— Raymond Johnson was due for some good news.
Earlier this month, msnbc.com reported that because he’s a man, Johnson, 26, of South Carolina, was denied Medicaid coverage after being diagnosed with breast cancer.
But late last week, Johnson got the call he was waiting for: South Carolina’s Department of Health and Human Services is granting him coverage, after all.
Johnson, a tile layer who worked about 30 hours a week making $9 per hour, could not afford private insurance. He discovered he had Stage II breast cancer after visiting a local emergency room for chest pain.
Although he was not eligible for traditional Medicaid coverage, Johnson was told to apply for coverage under Medicaid’s Breast and Cervical Cancer Prevention and Treatment Act, an 11-year-old federal mandate designed to help people who may not fit into traditional Medicaid eligibility requirements. But the program only provides care for women.
In a statement to the press, South Carolina Health and Human Services Director Tony Keck, announced that after speaking with the federal Centers for Medicare & Medicaid Services, “. . . we believe it is in the best interest of Mr. Johnson to deem him eligible for the Medicaid Breast and Cervical Cancer Program.”
The state health department will submit claims to the federal government for reimbursement. So far, though, state officials have gotten mixed messages on Raymond’s case from their contacts at Medicaid.
“If federal lawyers choose to deny those claims based on a discriminatory policy, that is their choice and our department will appeal the decision,” Keck says.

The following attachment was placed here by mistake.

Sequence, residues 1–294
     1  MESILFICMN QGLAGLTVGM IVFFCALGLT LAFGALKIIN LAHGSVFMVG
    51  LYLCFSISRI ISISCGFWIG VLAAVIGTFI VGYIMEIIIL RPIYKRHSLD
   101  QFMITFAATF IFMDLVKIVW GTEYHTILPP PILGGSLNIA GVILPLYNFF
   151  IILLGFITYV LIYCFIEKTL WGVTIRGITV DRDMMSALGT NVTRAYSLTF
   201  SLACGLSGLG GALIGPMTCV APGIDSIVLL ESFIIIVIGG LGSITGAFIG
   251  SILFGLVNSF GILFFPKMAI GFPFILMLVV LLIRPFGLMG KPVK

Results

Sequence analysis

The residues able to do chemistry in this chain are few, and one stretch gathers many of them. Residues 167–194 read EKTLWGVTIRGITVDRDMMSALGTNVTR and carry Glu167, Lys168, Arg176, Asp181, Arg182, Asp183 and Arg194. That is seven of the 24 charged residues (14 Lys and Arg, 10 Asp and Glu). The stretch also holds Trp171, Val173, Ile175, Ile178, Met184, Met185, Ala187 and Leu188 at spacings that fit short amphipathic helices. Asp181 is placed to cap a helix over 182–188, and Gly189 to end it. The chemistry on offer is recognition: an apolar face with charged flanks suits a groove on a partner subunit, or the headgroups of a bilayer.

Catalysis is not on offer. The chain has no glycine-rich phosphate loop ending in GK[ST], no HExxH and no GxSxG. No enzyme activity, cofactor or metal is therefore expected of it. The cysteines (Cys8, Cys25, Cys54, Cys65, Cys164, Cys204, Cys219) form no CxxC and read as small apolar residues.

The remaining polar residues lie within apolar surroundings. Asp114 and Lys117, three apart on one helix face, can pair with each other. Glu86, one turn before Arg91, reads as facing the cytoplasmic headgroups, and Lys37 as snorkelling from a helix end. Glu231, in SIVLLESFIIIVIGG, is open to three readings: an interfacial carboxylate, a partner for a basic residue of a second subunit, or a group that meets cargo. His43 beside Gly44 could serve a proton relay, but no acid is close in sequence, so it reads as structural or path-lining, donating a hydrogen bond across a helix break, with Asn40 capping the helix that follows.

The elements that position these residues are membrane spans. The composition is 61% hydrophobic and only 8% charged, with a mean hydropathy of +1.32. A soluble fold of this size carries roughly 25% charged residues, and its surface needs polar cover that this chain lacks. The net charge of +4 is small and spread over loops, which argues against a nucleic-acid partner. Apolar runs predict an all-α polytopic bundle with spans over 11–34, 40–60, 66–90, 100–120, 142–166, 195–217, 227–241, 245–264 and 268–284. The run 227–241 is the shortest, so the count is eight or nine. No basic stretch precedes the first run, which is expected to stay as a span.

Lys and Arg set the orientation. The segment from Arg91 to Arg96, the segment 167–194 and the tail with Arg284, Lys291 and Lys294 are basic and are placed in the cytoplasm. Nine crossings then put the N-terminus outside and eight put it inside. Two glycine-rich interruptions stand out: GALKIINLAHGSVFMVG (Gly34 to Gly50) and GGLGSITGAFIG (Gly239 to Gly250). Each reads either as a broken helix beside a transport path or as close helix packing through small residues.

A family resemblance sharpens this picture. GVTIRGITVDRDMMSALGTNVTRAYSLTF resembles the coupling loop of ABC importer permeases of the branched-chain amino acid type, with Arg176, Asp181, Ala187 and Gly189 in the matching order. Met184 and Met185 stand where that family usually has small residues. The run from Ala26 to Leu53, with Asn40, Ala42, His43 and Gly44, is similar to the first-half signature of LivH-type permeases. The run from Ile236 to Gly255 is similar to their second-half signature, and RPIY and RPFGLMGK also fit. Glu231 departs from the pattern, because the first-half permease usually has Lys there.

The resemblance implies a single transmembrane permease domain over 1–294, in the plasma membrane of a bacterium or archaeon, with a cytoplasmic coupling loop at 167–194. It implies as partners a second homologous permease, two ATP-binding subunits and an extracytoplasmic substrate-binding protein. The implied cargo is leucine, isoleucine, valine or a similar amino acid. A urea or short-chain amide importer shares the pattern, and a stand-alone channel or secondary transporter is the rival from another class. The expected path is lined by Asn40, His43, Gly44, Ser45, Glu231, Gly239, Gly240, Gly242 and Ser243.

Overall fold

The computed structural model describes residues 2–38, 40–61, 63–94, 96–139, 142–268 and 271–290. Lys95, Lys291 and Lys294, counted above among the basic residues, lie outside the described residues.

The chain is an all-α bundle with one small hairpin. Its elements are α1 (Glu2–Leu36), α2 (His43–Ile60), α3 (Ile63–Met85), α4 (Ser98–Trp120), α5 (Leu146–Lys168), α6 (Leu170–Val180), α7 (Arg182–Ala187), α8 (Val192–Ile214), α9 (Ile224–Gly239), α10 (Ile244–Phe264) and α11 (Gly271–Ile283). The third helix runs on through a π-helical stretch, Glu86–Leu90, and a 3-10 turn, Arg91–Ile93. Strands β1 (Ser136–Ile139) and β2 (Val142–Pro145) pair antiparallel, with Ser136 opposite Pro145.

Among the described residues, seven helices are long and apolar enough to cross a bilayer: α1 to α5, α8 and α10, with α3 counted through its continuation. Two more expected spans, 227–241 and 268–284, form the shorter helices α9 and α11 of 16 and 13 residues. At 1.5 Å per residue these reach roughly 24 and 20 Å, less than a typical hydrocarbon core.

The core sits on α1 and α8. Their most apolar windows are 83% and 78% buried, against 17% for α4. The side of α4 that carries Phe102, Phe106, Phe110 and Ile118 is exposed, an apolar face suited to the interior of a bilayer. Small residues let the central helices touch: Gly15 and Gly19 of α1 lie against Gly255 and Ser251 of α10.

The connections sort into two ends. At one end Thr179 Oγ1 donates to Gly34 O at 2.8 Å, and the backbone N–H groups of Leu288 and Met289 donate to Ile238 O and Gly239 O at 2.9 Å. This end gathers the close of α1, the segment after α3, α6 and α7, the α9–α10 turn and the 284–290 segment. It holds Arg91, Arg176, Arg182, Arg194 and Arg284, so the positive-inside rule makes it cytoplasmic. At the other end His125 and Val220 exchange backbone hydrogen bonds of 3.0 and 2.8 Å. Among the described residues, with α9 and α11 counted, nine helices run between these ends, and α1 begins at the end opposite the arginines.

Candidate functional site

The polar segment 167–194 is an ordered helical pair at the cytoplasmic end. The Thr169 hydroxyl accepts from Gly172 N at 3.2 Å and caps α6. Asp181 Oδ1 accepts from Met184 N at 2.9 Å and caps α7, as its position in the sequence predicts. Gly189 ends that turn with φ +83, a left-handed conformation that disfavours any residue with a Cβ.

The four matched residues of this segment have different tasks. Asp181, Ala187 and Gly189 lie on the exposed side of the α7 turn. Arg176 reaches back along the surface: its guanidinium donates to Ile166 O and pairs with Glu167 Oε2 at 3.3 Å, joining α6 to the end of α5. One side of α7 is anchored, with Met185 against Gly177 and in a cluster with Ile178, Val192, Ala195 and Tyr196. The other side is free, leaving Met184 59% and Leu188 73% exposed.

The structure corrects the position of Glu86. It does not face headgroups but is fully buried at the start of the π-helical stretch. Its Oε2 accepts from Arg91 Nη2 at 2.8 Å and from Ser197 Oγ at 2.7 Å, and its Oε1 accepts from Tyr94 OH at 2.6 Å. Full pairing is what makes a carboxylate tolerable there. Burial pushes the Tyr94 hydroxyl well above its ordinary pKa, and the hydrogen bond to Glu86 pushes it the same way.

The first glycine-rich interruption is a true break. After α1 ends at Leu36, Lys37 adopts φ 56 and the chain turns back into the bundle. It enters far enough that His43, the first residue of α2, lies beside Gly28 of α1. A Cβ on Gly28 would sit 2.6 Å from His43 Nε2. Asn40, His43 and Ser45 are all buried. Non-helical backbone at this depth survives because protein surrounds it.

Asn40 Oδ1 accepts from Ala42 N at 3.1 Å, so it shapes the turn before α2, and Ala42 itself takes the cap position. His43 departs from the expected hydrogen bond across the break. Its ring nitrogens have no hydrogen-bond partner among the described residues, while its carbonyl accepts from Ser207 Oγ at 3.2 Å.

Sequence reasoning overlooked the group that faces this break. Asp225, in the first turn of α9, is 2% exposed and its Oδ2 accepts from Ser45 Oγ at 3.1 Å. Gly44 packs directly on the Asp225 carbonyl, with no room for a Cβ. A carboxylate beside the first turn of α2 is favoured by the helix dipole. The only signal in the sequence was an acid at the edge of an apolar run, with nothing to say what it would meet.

The national media attention Johnson’s plight has received has raised the profile not only of male breast cancer, but has also raised awareness of what it means to be Medicaid eligible.
“There is a misperception that Medicaid is for all poor people, when you actually have to fit into a very specific category, much of which is determined at the state level,” explained Jeff Stensland, a health department spokesperson. For example, if Johnson was diagnosed with, say, colorectal cancer or a brain tumor, he still wouldn’t get coverage under Medicaid. South Carolina, like most states, does not provide Medicaid to single, childless adults.
The Centers for Medicare & Medicaid Services has not responded to msnbc.com’s request for a comment.
For Raymond Johnson, the last few months have been difficult. Although the chemotherapy he has been receiving appears to be doing its job of shrinking his baseball-sized breast tumor before surgery, he worried about mounting bills. Now, he can concentrate on getting better.
“I’m just a guy who laid tile for a living, and thought that nothing really bad could happen to me because I’m young,” Johnson says. “I’m just so grateful that this was brought out, and I am so grateful to everyone who helped me. I feel blessed.”
He worries, though, about other men – and women -- who may be in a similar situation. “Not everyone is going to get the attention I did, and it’s crazy that people can fall between the cracks like this when they get sick,” says Johnson. “When I’m done with treatment, I’m going to get the word out. I think I’m going to be a little bit of an activist.”